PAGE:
As the steward of the world’s largest economy, when U.S. Federal Reserve Chair Janet Yellen speaks on behalf of the Fed, people tend to listen regardless of where they—and their investments—are in the world. And earlier in May she had quite a bit to say. Speaking at a conference sponsored by the Institute for New Economic Thinking, Yellen described equity prices as “quite high.” She also suggested long-term interest rates could move sharply higher when the Fed finally raises short-term interest rates.
Sure enough, spooked investors shed stocks later that day, as reported by Bloomberg News on May 6, 2015. But what should we really make of what Yellen had to say?
Regarding equity prices, she’s right. They are high. In the absence of a decent yield on government bonds, investors have been driving up valuations for equities and other risky assets. It’s also true that the current economic recovery has endured about as long as recoveries typically last, therefore history might suggest U.S. equities are due for a downturn.
Our outlook on U.S. economic growth
Our own view, as noted in our recent 2015 Global Outlook – Q2 Update, is that the economy took such a nosedive in 2008-2009 that it still has some leeway before all the slack is taken up. How long? We expect at least two or three more years of positive growth. Not dramatic growth, but growth nonetheless. And in the absence of near-term recession risks, the downside to U.S. equities should be relatively limited.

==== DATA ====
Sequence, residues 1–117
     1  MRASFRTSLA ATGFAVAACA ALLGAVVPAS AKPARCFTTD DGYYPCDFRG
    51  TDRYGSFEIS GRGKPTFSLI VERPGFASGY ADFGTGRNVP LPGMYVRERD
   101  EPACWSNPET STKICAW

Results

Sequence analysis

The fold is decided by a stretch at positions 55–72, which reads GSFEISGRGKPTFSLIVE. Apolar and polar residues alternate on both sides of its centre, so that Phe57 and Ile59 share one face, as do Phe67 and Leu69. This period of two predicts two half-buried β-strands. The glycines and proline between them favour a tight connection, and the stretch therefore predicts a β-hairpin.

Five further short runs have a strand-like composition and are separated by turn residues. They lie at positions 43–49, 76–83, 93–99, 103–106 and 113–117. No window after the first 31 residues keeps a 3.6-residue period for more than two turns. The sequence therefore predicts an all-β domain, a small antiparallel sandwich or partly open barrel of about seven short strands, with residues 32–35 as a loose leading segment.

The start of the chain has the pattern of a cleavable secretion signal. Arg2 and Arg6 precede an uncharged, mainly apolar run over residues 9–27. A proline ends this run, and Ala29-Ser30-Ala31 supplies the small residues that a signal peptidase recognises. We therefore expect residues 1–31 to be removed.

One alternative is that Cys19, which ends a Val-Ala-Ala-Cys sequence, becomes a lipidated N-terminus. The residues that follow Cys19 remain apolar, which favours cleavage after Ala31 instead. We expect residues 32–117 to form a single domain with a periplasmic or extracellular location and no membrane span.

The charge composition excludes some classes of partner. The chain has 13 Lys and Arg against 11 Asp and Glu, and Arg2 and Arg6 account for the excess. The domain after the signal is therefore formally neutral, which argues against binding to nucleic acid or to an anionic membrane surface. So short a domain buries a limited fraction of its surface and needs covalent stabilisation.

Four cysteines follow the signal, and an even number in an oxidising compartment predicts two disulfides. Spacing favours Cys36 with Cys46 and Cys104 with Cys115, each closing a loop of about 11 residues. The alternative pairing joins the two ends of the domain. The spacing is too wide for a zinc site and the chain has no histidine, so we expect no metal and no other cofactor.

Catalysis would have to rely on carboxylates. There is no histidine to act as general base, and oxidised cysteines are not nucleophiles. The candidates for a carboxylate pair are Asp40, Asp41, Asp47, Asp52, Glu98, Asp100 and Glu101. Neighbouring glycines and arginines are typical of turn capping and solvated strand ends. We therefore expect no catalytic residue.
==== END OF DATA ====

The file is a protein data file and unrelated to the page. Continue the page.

While it’s perfectly appropriate for Yellen to discuss the state of the equity market, forecasting stocks isn’t really the Fed’s strong suit. Alan Greenspan, during his Fed chairmanship, made his famous “irrational exuberance” remark in 1996 and equities climbed for several more years.
Quick history of how markets react when the Fed speaks
The Fed on interest rates
Interest rates, on the other hand, are an area where the Fed obviously has tremendous influence. And Yellen isn’t alone in seeing the potential for long-term rates to move higher once the Fed starts its hiking cycle. Federal Open Market Committee (FOMC) members Stanley Fischer and William Dudley echoed similar comments in recent months. We think the 10-year Treasury is likely to move up to roughly 3% over the next twelve months, and that the U.S. economy is strong enough to weather it. After all, a 3% rate is still very low when you look back over the past few decades.
Russell Investments on possible rate moves
As for when the Fed will finally move, our analysis has suggested that September is the most likely date of lift-off, and we still believe that. March’s weak jobs report probably takes June off the table for a rate hike, but we don’t agree with those who now think it will be 2016 before Yellen moves. We continue to expect a reacceleration in economic growth later this year and for those stronger macro fundamentals to pull US interest rates higher.
While the underlying growth trends for the U.S. economy remain healthy, we continue to see more attractive investment opportunities in other developed market equities like continental Europe and Japan (on a fully-hedged basis).
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